The Secret Life of Bees
Sue Monk Kidd
Contributed by Vernita Mires
Chapter 3

While Rosaleen sleeps, Lily thinks about the Virgin Mary. Lily does not know much about her because Mary is not an important figure in her church.

As they make their way toward town, Rosaleen tells Lily that no one is going to let a colored woman stay in a motel. Lily wonders what the Civil Rights Amendment was all about, then. In town, Lily goes into a store to buy some lunch. When the store-owner remarks that he has never seen her, she says she is in town visiting her grandmother. Lily steals snuff for Rosaleen because the man cannot sell it on Sunday. While in the store Lily sees jars of honey with the picture of the Black Madonna on them. The store-owner tells her that the woman who makes the honey is named August Boatwright and lives in a bright pink house. Lily believes that her mother must have known August.

Lily decides that she must go to the pink house. After lunch Lily buys a newspaper and is glad to see that she and Rosaleen are not in it.


The epigraph of this chapter tells us that an elusive queen can be found by finding her circle of attendants. In Chapter Three, Lily makes a very important step toward finding her mother: she finds out about someone who may have known Deborah. Thus, Lily has located a potential “circle of attendants.”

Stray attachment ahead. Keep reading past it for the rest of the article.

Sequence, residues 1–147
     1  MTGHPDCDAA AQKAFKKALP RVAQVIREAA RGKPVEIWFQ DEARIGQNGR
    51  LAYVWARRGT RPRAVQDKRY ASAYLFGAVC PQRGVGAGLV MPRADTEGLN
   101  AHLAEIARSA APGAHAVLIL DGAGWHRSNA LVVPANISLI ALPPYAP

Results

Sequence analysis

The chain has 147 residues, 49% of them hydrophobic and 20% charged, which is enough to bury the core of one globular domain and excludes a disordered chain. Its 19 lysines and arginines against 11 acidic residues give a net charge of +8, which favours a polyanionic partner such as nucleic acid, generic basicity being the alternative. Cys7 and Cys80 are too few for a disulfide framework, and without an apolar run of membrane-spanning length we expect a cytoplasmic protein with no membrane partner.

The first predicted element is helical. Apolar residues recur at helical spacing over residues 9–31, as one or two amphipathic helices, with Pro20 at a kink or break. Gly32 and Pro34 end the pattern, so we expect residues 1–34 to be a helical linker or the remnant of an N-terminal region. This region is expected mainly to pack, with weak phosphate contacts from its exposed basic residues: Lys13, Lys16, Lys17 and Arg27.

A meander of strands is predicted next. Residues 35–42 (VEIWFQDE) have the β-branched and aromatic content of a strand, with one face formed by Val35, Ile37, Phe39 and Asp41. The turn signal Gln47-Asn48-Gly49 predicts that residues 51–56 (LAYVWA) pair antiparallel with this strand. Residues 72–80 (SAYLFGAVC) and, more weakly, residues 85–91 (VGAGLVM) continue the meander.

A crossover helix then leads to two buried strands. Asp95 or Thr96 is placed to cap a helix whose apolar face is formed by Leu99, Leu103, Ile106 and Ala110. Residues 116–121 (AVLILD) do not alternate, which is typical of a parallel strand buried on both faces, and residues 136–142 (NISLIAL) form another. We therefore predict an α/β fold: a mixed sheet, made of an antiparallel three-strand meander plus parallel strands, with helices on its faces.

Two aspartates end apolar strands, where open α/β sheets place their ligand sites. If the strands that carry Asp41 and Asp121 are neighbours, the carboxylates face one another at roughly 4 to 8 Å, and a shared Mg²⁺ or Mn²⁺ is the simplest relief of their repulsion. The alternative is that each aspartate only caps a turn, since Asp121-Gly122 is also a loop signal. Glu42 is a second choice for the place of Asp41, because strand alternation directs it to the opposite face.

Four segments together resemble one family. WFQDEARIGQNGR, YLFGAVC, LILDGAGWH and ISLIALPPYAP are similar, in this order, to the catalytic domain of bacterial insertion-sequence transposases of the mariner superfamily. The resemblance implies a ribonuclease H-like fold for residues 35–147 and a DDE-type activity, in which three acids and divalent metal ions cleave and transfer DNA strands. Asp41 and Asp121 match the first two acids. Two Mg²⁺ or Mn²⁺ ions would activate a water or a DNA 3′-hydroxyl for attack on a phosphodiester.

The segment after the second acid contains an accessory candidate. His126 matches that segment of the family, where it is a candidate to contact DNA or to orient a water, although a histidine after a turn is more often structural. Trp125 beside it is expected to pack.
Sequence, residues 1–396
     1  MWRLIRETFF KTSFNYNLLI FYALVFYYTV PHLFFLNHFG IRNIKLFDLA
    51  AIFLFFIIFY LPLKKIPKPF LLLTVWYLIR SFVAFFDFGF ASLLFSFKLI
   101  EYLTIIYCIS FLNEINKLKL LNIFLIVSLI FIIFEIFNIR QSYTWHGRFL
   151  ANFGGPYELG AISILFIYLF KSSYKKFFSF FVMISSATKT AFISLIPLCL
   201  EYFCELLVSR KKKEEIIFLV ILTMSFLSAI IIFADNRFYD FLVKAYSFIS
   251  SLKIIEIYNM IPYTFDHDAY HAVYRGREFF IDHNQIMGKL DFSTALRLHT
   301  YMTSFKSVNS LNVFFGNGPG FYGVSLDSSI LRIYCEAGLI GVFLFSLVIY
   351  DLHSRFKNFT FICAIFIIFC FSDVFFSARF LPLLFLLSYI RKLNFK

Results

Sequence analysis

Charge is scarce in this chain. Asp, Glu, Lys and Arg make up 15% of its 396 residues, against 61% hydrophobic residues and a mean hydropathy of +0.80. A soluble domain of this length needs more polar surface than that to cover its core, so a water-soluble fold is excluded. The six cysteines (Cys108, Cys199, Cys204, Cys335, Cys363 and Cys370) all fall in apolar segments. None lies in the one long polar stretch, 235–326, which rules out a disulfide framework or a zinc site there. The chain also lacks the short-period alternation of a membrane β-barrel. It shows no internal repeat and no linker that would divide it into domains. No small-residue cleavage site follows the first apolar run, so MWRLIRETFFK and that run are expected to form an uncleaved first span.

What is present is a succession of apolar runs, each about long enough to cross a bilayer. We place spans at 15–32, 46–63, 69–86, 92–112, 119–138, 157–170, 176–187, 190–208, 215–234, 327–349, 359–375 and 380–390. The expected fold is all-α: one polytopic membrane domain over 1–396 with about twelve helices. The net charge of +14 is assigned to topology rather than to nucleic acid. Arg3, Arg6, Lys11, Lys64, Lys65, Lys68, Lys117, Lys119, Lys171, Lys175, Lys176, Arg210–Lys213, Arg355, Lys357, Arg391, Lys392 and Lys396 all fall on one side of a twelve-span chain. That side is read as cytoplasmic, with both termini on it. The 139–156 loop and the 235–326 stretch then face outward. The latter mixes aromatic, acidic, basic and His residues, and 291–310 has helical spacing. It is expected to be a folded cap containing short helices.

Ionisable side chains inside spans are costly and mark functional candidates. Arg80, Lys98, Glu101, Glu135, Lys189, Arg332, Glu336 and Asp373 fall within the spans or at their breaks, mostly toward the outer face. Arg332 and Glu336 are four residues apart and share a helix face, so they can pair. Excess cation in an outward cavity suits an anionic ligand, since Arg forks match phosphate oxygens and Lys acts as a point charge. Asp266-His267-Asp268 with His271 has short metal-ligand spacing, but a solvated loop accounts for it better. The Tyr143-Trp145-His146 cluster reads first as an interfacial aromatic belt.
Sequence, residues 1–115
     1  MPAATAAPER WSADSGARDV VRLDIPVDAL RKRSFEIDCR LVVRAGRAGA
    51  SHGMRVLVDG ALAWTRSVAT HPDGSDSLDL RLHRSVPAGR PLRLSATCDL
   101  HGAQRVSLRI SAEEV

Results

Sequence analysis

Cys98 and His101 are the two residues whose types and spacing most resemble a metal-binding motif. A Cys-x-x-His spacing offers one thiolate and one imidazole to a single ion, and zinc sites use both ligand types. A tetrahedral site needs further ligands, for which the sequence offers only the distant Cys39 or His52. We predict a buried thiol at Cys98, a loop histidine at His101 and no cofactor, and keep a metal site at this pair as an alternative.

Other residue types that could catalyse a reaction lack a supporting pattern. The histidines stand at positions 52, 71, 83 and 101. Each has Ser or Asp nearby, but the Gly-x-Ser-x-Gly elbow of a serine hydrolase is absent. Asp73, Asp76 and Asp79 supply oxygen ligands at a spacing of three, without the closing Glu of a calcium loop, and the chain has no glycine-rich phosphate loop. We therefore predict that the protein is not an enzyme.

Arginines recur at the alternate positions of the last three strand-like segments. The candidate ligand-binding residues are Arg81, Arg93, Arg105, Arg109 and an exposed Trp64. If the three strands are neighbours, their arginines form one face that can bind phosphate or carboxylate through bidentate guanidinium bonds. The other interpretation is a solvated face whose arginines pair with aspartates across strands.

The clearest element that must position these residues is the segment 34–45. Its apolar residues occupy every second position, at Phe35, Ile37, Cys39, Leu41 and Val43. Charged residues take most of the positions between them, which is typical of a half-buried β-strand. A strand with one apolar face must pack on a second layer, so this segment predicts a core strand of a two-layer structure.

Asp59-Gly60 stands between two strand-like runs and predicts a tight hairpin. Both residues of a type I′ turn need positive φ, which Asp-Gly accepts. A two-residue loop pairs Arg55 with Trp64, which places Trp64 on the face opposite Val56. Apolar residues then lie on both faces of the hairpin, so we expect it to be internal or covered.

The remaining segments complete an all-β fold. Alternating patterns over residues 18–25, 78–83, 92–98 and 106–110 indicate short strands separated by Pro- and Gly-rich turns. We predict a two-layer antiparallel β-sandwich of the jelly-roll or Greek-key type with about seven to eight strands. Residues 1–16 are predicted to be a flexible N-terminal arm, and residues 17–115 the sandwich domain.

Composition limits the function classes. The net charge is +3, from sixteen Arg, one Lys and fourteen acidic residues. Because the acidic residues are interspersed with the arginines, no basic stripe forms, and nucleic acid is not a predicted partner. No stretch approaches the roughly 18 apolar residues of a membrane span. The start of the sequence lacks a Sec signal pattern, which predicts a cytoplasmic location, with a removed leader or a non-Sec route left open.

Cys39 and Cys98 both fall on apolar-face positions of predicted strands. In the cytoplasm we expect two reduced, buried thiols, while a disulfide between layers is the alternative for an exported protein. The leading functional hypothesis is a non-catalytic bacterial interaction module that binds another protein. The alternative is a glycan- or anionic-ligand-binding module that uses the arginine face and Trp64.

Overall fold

In this chapter, it begins to become apparent that The Secret Life of Bees will be a bildungsroman of sorts. A bildungsroman is a novel in which the main character progresses from childhood into adulthood. The protagonist usually undertakes some sort of journey that will lead her to a state of maturity in which she understands her place in the social order. Lily has undertaken a journey to discover the truth about her mother. In order for her to understand her place in society, or “the hive” to use Kidd’s metaphor, she must locate the “queen bee” or a queen-substitute.

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